With the year almost over, it’s a good time to reflect and reevaluate last year’s goals prior to making New Year’s resolutions for this year. Last year, did you meet your goals? Did you drop those extra pounds, invest that extra paycheck, or race a personal best at your “A” race this year? Did you get to spend more time with the family, or run that 5k with at your children's’ school? Were you able to get to the gym more or eat healthier this year like you’d planned?
Well, if you answered “no”, you’re not alone.
According to Forbes magazine, only about 8% of people actually keep their New Year’s resolutions. And, If you’re like most, you’re considering making a health and fitness goal this year. So, chances are that goal to “get healthier” or “eat better” probably won’t happen without a bit of help. (last year’s article - a few edits…)
When making health and fitness goals for the New Year, I use the “SMART” goal system, a throwback to my days in the business world. SMART is an acronym which guides goal development and helps ensure project completion. While there are a few variations of this acronym, I like to use the following:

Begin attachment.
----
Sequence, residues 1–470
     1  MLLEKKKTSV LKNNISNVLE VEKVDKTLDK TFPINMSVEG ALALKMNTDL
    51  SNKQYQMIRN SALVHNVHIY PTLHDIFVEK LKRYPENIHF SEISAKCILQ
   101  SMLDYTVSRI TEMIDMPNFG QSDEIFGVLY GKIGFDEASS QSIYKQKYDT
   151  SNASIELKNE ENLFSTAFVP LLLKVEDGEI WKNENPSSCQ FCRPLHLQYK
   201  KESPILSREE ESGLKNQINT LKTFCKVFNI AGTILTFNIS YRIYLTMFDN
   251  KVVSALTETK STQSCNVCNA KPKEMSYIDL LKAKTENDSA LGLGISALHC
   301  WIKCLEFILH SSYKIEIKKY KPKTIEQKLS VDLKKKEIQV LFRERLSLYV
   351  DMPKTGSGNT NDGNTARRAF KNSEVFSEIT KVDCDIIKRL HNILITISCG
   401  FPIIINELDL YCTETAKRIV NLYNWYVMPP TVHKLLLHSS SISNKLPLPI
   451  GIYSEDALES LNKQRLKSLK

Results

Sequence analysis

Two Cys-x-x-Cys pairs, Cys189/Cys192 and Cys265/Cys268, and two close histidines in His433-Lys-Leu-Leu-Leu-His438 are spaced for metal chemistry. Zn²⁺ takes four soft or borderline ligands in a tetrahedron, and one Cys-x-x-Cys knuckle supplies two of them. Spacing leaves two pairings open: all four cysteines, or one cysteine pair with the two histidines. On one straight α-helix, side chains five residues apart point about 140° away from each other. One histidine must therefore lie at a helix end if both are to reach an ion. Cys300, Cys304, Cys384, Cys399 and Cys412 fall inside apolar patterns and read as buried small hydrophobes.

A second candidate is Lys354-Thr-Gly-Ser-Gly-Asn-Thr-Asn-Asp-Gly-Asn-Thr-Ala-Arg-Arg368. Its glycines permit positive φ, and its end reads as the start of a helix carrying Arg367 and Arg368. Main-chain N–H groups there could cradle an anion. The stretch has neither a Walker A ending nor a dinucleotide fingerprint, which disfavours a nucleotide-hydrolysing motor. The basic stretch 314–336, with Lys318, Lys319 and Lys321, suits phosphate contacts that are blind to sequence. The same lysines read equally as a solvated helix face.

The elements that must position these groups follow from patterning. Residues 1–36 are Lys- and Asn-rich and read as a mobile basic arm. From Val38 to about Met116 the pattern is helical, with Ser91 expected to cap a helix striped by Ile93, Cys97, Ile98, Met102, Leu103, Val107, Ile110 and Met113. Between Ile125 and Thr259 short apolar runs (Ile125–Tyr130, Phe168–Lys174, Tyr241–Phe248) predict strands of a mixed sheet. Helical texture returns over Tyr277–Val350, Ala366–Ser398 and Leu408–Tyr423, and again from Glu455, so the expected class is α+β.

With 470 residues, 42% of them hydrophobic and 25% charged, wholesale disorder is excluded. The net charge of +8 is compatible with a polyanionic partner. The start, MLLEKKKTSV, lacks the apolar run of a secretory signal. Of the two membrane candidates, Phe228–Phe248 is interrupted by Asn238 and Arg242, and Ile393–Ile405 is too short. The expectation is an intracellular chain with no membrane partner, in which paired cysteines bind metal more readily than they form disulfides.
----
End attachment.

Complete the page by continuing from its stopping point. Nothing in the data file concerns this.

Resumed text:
Remember to keep things simple. A goal such as ‘running every day’ when you are not a runner may be too overzealous. A simple goal such as “I will run 30 minutes 3x week” is more achievable. Some people embark on complex health and fitness regimens with multiple components, and almost always fall short of complete their goals. Be leery of complex meal plans, lengthy “cleanses”, and overly complicated fitness regimens. Pick one or two areas to improve upon and keep things simple. Here are some great examples of very simple health and fitness New Year’s resolutions you can set for this year:
Again, keep it simple. Don’t overcommit to multiple resolutions. Select a FEW goals that might work for your situation, write them down, tell your significant other and get ready to start! Be SMART about your goals and enjoy the process! Good luck this year!